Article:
Revenge of the Sith is finally getting its due. The fifteenth anniversary has seen great swathes of people announce their appreciation of it in all its idiosyncrasies, it being a varied, operatic tale that delivers on a dark descent to evil for Anakin Skywalker. Perhaps one of the most underappreciated aspects, though, is the depth to which it digs to illuminate he foundations of his fall. This is a parable not simply about the rise of a dictator or the tragedy of Anakin’s lost promise, but of a society set to self destruct by its adherence to tradition – a premise that holds up today.
A compromised Jedi Order is very much already in place when the film begins, even though we first witness the heroism of Anakin and Obi-Wan. The predecessor, Attack of the Clones, pitches the Jedi as unable to sense the path through galactic events, evidently the result of a collectively skewed moral compass that becomes evident decide to use clones to fight for them. Such a moral compromise follows a utilitarian approach, the greatest good for the greatest number, but this weakening of solid principles means the writing’s on the wall at the sequel’s opening.
Their moral weakness and mistreatment doesn’t just extend to others but to their own, Anakin deemed a pawn for them to use. He’s not treated as a war hero but distrusted due to his mentor-mentee relationship with Chancellor Palpatine, and instead of having earned respect he’s tasked with acting as a spy. It’s one of their most heinous acts: they know Anakin’s emotional vulnerability, already having deemed too old for training when he was a child, and are willing are to put his wellbeing at risk for their ends. This lack of trust and respect leaves Anakin, inevitably, more and more vulnerable to the persuasion of the evil Palpatine’s faux-affection, and this moral failing seems to cement the downfall of the Jedi.
His unsuitability to be a Jedi is reiterated throughout the prequel trilogy, and this film perfectly puts tradition to its ultimate test. Previous films have him as fearful, angry, obsessive, and unable to handle the complex emotions bubbling up within him – an end result that the Jedi suspected. Here, Anakin encounters a premonition of his ultimate fear: the loss of his wife, Padmé. Yoda, aware of a secret distress, advises him to “let go of all he fears to lose”, failing to break with the aphorisms of tradition and react with genuine, complex, unreleased humanity. The traditions of the Jedi keep Anakin distant and his reality, soon to clash horrifically with theirs, at a deadly remove.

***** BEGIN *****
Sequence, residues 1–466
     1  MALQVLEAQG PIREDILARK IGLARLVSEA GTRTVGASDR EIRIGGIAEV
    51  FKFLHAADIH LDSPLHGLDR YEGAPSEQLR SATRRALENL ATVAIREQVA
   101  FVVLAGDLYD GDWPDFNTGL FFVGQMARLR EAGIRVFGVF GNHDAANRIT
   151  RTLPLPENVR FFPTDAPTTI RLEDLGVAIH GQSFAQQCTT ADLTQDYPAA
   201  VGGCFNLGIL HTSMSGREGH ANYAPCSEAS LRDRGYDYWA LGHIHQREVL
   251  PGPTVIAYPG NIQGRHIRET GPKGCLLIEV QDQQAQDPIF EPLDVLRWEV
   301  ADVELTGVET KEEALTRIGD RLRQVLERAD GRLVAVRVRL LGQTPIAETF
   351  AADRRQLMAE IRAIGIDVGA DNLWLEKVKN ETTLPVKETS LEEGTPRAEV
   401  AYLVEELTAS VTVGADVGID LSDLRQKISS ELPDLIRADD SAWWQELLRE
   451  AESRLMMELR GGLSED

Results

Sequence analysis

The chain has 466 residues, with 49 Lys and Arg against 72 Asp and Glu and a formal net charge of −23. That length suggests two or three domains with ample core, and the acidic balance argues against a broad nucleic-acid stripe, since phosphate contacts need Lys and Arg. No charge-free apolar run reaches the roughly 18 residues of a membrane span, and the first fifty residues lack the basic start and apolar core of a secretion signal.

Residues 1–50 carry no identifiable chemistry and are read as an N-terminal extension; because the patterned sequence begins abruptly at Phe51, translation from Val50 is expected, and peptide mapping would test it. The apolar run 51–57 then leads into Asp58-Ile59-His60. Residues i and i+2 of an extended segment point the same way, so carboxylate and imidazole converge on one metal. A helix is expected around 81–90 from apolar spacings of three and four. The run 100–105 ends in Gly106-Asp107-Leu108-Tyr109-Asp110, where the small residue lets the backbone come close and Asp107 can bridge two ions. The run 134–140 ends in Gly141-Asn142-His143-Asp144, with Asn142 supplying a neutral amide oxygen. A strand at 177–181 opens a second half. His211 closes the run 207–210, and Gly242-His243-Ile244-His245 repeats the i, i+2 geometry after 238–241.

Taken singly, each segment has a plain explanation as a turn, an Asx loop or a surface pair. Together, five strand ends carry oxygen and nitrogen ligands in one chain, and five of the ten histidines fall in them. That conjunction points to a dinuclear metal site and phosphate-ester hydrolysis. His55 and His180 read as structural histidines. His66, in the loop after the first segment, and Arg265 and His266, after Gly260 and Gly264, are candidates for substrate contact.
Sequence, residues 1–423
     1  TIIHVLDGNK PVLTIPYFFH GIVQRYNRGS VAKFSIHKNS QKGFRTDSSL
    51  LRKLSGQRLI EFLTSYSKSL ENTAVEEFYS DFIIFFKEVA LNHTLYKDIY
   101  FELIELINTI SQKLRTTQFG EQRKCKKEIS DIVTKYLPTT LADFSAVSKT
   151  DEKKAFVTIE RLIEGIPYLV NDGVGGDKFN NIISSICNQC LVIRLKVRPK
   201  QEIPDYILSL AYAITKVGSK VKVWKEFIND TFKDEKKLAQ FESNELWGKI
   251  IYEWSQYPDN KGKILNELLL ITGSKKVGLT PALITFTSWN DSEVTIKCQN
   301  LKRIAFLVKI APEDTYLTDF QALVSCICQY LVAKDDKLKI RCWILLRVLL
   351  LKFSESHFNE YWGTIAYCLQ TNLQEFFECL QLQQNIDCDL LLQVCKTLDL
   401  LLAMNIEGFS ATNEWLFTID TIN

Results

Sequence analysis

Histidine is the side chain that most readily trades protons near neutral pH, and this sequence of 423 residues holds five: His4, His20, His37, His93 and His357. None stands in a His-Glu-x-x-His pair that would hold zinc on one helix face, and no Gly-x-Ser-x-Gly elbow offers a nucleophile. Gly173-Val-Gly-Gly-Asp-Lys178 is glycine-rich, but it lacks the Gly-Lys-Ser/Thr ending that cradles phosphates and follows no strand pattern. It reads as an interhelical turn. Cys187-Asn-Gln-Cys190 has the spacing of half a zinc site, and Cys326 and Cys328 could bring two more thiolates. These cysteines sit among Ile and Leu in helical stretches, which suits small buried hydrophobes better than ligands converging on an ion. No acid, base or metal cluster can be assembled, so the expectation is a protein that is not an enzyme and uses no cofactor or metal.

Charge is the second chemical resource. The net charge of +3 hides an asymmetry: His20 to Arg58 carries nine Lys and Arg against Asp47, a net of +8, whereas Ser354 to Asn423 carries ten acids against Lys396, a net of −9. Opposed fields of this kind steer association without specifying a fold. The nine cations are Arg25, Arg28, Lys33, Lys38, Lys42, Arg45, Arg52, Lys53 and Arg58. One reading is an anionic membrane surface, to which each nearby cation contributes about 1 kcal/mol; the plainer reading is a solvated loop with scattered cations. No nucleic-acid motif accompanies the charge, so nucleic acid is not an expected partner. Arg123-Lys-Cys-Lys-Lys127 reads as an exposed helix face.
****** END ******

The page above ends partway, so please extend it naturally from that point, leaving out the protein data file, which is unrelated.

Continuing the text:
Toxic masculinity has clearly consumed Anakin by this point, his pride and his entitlement to power clear examples. But his toxic attitudes, from whatever seed they originated, are watered by the environment he’s in, one that until even the very last doesn’t have the humanity to give him the emotional guidance which he needs. Without any guidance he becomes the outwardly destructive force we see in Revenge of the Sith, the Jedi Order that failed him being destroyed as a tragic result. A different situation might have been brought about by Jedi Order less determined to protect its traditions above its members, in the same way that society destroys itself by its clamouring to the past.
The real world would likely see Anakin on the alt-right, a comparison not made glibly. The Jedi Order he’s trapped within is a centrist organisation, if not to the right, driven by adherence to historic ways and unable to see outside of its male-led, rule-oriented status quo. A segment of society like the alt-right offers a sense community for people, largely privileged young white men, who feel frustrated by their lack of power in a stifling society. Any organisation or society’s stagnation is the perfect breeding ground for extreme opinions that seem vital and freeing in contrast.
This believable depiction of a pseudo-society’s collapse harmonises elegantly with the bold themes of the original trilogy. Anakin is destroyed by his adoption into this patriarchal order but his son, Luke, reforms it. Obi-Wan and Yoda, two of the last remaining Jedi, order him to ignore his injured friends in The Empire Strikes Back and then to kill Vader in Return of the Jedi, but he rejects their suggestions to instead employ humanity in each circumstances. It’s his choices to show humanity that allow peace at the end of that trilogy, and the lack of humanity which sparks destruction at the end of its prequel.
But it’s the way these ideas are suggested to us that makes them particularly effective. Hayden Christensen is sorely underrecognised for performances in both latter parts of his trilogy that evoke the awkwardness and childlike obstinacy of being a deeply troubled teenager, and this helps us to relate the story to our reality. But the theatricality of the presentation at large allows these themes to not become too heavy-handed, instead becoming a subtler part of a epic tragedy with a scale that allows it a permanent place in culture. This combination allows its intelligent to still be recognised years later in a somewhat different context.
This isn’t to say it’s a perfect piece of philosophising. Tonally it does verge into camp, and the simplistic dialogue hinders the narrative from presenting its parallels more recognisable. It’s a work that has stood the test of time so far, though, and complements and completes the rest of its saga. George Lucas’ aim for his Star Wars films was to speak to young people of spirituality, to awaken a wider awareness of the world; and perhaps, through an identifiably conflicted teenage lead and immensely rewatchable entertainment, he’s created one to make them consider the most fundamental and persistent flaws.